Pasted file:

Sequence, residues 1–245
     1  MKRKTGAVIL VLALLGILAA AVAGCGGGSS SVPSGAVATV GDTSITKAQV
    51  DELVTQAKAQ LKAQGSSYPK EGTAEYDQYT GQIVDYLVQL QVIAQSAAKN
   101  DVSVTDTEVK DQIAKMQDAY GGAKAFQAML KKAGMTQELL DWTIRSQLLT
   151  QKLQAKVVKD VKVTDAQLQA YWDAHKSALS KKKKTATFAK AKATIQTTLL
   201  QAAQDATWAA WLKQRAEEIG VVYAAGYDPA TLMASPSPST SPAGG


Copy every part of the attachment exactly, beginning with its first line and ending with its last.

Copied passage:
Sequence, residues 1–245
     1  MKRKTGAVIL VLALLGILAA AVAGCGGGSS SVPSGAVATV GDTSITKAQV
    51  DELVTQAKAQ LKAQGSSYPK EGTAEYDQYT GQIVDYLVQL QVIAQSAAKN
   101  DVSVTDTEVK DQIAKMQDAY GGAKAFQAML KKAGMTQELL DWTIRSQLLT
   151  QKLQAKVVKD VKVTDAQLQA YWDAHKSALS KKKKTATFAK AKATIQTTLL
   201  QAAQDATWAA WLKQRAEEIG VVYAAGYDPA TLMASPSPST SPAGG